Indeed, John Boyce junior was the only plaintiff, as his mother had been before him, ranged against eight defendants. The Bennet Goodlad mentioned in both documents, and said to be the widow and one of the executors of John Goodlad, seems to have been born Bennett Gage, or possibly Sarah Bennett Gage, though her mother’s surname at the time of Bennett’s first marriage was Elizabeth Collins. On 17thMarch 1690/1, Tutchen Martin, a gentleman of Stepney married Bennett Gage, of the same district, with the consent of her mother Mrs Elizabeth Collins alias Gage, at St James, Dukes Place, in London.
Parish church of St Dunstan and All Saints, Stepney, in 1755
Tutchen Abram Martin, whose unusual first name was actually his mother’s maiden name, was the son of Roger Martin (1634 – 1687) and Margaret Tutchen (b. 1640); he had been baptised at St Dunstan’s, Stepney, on 7thSeptember 1669. His father Roger was the son of another Roger Martin (b. 1597), a mariner from Limehouse, and his mother Margaret was the daughter of Anthony Tutchen (1609 – 1667) and his wife Elizabeth Willett (1606 – 1643).
Tutchen Martin was paying land tax on a property in the Tower district of London in 1703. Tutchen and Bennett Martin had a number of children before the former’s death in 1705 at the age of thirty-six. These included four sons who survived their father: Tutchen Martin (1698 – 1721); Roger Martin (1700 – 1780); Bennett Martin (1700 – 1741); and William Martin (1701 – 1756). Tutchen Martin junior was amariner who made his will on a voyage to Calcutta in 1720, from which he seems not have returned. Bennett Martin junior (who shared her mother’s first name, despite being male) was a physician who married Elizabeth Ryan, a widow, in Stepney in 1720. His brother William, another mariner, may have been the Captain William Martin mentioned here, though if so there seems to have been some confusion about his parentage.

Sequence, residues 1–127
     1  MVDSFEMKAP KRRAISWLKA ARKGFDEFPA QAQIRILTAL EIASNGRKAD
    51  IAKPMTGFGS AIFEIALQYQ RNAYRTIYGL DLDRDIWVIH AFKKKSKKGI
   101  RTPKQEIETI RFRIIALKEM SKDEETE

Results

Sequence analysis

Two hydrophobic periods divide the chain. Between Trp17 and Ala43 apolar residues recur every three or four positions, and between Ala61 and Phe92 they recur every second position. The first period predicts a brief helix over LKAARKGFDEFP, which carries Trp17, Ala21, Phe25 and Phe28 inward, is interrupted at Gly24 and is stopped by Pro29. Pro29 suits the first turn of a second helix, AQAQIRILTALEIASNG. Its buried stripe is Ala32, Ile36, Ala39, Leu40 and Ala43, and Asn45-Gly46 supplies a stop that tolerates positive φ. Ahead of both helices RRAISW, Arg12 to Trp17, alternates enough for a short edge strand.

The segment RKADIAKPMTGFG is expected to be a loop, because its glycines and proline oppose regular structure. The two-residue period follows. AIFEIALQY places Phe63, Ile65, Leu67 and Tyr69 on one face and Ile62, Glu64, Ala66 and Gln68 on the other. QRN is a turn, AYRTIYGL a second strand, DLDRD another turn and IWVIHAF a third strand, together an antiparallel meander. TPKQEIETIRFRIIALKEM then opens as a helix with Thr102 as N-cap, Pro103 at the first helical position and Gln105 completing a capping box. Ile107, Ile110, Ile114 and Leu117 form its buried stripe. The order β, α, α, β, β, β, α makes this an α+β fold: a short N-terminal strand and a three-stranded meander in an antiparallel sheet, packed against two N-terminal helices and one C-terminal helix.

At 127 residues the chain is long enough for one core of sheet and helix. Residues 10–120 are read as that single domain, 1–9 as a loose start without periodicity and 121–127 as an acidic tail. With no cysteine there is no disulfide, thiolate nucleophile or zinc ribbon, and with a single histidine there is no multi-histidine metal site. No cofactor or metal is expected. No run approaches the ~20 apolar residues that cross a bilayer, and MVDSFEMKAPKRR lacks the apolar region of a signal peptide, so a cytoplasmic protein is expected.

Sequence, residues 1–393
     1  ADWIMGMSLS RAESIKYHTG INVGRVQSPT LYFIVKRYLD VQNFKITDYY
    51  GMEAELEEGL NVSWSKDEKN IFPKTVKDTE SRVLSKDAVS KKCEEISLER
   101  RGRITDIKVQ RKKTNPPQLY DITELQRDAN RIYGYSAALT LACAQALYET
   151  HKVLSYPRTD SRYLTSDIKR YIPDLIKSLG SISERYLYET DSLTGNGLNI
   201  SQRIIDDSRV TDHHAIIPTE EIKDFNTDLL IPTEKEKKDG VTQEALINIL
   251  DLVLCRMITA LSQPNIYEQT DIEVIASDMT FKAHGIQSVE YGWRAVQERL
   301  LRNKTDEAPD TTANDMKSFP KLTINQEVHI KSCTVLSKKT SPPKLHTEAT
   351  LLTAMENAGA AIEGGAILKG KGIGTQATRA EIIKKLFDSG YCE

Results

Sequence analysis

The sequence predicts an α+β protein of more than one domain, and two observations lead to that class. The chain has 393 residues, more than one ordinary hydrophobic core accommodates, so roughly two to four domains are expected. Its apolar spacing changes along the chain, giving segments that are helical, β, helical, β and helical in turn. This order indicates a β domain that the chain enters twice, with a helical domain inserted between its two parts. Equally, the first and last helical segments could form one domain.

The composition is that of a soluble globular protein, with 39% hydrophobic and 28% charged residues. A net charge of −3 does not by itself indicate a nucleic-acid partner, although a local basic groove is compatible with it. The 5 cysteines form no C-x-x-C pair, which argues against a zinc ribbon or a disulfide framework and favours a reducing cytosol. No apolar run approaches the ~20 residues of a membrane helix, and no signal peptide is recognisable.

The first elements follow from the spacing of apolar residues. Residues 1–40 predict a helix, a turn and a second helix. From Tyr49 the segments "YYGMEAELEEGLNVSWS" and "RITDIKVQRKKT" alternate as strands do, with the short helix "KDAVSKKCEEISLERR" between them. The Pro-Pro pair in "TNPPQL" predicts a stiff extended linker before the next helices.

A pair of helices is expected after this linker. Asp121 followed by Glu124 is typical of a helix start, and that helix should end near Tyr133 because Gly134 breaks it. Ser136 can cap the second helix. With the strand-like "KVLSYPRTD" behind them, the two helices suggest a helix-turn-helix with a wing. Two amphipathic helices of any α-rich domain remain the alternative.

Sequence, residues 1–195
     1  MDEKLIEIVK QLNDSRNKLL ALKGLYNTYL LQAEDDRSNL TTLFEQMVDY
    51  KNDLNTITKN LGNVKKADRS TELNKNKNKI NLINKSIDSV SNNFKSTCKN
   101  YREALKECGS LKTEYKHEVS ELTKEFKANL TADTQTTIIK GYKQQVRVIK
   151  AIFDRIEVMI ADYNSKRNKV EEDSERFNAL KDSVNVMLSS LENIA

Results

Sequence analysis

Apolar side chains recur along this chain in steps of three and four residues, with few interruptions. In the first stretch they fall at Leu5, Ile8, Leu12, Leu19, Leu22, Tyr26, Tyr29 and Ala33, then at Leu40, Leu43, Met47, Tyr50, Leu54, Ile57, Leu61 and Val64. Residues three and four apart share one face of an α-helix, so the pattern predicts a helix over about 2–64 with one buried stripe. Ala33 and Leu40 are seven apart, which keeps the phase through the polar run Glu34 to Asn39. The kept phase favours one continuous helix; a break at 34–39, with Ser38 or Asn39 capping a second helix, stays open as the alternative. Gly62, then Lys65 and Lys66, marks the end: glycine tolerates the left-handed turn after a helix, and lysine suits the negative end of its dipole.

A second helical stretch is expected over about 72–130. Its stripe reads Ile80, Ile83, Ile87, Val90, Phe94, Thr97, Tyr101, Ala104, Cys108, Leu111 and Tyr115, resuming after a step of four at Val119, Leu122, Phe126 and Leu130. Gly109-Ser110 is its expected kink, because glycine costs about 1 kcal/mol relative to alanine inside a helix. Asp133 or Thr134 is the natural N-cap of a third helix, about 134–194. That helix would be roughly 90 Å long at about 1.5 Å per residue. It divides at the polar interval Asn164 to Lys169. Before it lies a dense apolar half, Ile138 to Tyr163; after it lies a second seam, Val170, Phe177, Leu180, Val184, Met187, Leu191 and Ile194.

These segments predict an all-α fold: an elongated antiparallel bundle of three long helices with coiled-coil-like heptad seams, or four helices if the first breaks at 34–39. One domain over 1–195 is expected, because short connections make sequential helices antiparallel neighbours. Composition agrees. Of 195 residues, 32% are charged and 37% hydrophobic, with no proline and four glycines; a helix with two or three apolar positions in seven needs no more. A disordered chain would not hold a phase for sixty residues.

Tutchen Martin’s widow Bennett married John Goodlad, a merchant tailor, on 4thFebruary 1718/9, at the church of St Anne and St Agnes in the City of London, despite the fact that both bride and groom were said to be from Stepney. John’s first wife Sarah had died in the previous year, and he had five children surviving from this marriage: Sarah (b.1700); Elizabeth (b. 1702); Richard (1703 – 1759); John; and Mary (b. 1700).
Elizabeth Goodlad, daughter of John Goodlad by his first marriage, married John Coker, and they had two children, Richard and Anthony, both baptised at Stepney in 1740. In 1738 John Goodlad’s son Richard married Elizabeth Martin, presumably a relative of his stepmother, at the church of St Anne and St Agnes. Their children included John Goodlad; Elizabeth Goodlad; William Martin Goodland (b. 1746); Anthony Bennett Goodlad (b. 1749); and Richard Goodlad (b. 1752).
I haven’t been able to confirm that Richard Goodlad, son of John, is either of the men of that name referred to in the legal document of 1734. Certainly his son Richard can’t be the Richard Goodlad junior mentioned, since he was not yet born.
As for the other plaintiffs in this case, Thomas Dugdale is mentioned in the will of Bennett Goodlad and was perhaps a relative. I’ve yet to identify Rice and Jane Lloyd, or to find out much more about Thomas Feast, Josiah Kingsman or James Foxon.